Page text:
KARL MAYER Textilmaschinenfabrik GmbH
Bühlstrasse 25
63179 Obertshausen

Perfect pattern beams for warp knitting - KARL MAYER Textilmaschinenfabrik GmbH

The high speeds in warp knitting frequently require technical modifications to be made along the entire production chain – especially in warp preparation. Lace production is one example of this. KARL MAYER’s modern lace raschel machines can currently reach speeds of up to 900 min-1 and are equipped for high-speed running with an active yarn delivery unit and the Positive Patternbeam Drive (PPD). The PPD electric motor system delivers the exact amount of yarn required, thus minimising stressing of the yarns during processing. However, the PPD can only realise its full potential if the yarn carriers, i.e. the pattern beams, are wound extremely precisely. All the packages on one beam axle must have exactly the same diameter. If the pattern beams also have long running lengths, the setting-up time needed to change the beams at the warp knitting machines can be reduced. Being able to produce long warping lengths and uniform package diameters was a primary requirement in developing the new PBW 130"/2 (Fig. 1) at KARL MAYER.

Designed for accuracy and operating efficiency

The new pattern beam warping machine enables packages with large widths and diameters to be produced, thus guaranteeing long running lengths. The factor that limits the width is the point at which the adjacent packages meet. The machine operator can set a width of between 25 and 220 mm, depending on how many yarns have to be wound onto a beam axle. The maximum warp length that can be selected is 100,000 m and the setting will depend on the yarn count. The maximum diameter is 140 mm. Once the limit is reached, the machine switches off to prevent over-warping. If the raschel machine, on which the pattern beam is to be subsequently processed, can handle large packages, the warping process can be continued. In this case, the switch-off point is when there is a correlation with the warping length that has been input or with the maximum possible diameter. The diameters of the packages are all exactly the same. This high level of precision guarantees a constant yarn tension across all the yarns being delivered to the knitting point, which is an important criterion when operating at fast speeds and high quality levels. In order to fully utilise the possibilities of producing perfect packages offered by the new pattern beam warping machine, the yarn tension levels must be set so that they are absolutely identical at the creel. Quality begins at the creel! When producing pattern beams, the new PBW 130"/2 operates at a speed of 10 to 400 m/min. The operator can set the most suitable speed in each case, depending on the beam quality and sensitivity of the yarns.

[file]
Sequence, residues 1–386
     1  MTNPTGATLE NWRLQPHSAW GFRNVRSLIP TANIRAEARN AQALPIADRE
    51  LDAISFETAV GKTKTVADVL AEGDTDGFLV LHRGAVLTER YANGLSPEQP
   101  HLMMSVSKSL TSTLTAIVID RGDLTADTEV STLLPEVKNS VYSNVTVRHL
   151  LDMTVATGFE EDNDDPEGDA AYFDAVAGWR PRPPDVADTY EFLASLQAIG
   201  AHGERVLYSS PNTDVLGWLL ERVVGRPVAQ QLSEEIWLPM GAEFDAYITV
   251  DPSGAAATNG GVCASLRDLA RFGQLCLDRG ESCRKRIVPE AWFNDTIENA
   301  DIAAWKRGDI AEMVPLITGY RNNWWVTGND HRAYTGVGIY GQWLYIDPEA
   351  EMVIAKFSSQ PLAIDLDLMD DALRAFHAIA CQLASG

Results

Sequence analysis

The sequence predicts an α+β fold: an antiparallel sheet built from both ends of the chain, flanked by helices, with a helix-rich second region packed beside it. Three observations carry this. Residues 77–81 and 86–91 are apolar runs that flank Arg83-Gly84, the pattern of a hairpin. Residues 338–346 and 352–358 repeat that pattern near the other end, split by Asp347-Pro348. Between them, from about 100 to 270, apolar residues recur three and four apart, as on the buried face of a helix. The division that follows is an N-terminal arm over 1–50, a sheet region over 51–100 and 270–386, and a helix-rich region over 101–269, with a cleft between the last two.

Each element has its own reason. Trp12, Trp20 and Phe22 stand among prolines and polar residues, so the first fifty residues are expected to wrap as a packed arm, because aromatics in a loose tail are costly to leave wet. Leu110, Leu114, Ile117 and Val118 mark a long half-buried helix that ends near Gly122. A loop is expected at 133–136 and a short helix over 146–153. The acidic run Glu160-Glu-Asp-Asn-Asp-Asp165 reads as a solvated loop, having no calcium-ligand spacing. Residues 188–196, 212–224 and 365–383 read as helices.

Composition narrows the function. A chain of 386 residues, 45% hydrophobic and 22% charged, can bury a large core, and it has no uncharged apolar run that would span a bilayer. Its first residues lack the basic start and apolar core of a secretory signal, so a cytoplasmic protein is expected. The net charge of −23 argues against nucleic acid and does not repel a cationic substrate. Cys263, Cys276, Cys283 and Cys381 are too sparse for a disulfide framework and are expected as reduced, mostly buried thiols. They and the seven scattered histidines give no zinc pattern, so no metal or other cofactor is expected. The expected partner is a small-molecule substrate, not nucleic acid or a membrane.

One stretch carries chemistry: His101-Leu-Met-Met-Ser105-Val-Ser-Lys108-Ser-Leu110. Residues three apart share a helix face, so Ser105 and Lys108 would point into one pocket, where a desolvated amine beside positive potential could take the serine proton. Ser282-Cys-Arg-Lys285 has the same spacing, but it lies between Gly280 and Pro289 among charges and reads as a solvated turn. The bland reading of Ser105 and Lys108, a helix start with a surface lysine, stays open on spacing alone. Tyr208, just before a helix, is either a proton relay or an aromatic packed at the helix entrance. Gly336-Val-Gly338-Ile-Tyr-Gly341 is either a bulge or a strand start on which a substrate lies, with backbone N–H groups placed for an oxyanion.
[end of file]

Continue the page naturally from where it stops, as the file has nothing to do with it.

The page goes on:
Also suitable for smooth yarns

The PBW 130"/2 is suitable for processing a wide range of different yarns. If very smooth yarns have to be processed, biconical packages with an angle of up to 60 guarantee a slip-free build. With this tapering shape, the edges of the yarn layers form a bevel, which prevents the upper layers from falling down. The more acute the angle selected, the narrower is the package and the greater is the loss of volume as well. A loss in output is unavoidable with biconical warping.

User friendly and accessible technology

The PBW 130"/2 scores points by having a well-thought-out, easy-to-input logistics system operated via a touchscreen monitor. The user interface is available in German, English and Chinese. To make things easier for the operators, especially when inputting data relating to the warping jobs, menu navigation is restricted to one side of the screen. Here, the operator can select the four parameters relevant to the job. The machine’s computer automatically calculates the remaining parameters in the background, such as the package ratio, return path of the traverse motion and winding ratio, and adjusts them to the best possible ratios.Since the PBW 130"/2 can simultaneously produce two pattern beams completely independently of each other on two levels, the screen is divided into two halves (Fig. 2). The processes involved in producing the two beams run completely autonomously. Only in the event of a yarn breakage is the operation stopped at both the upper and lower levels for safety reasons.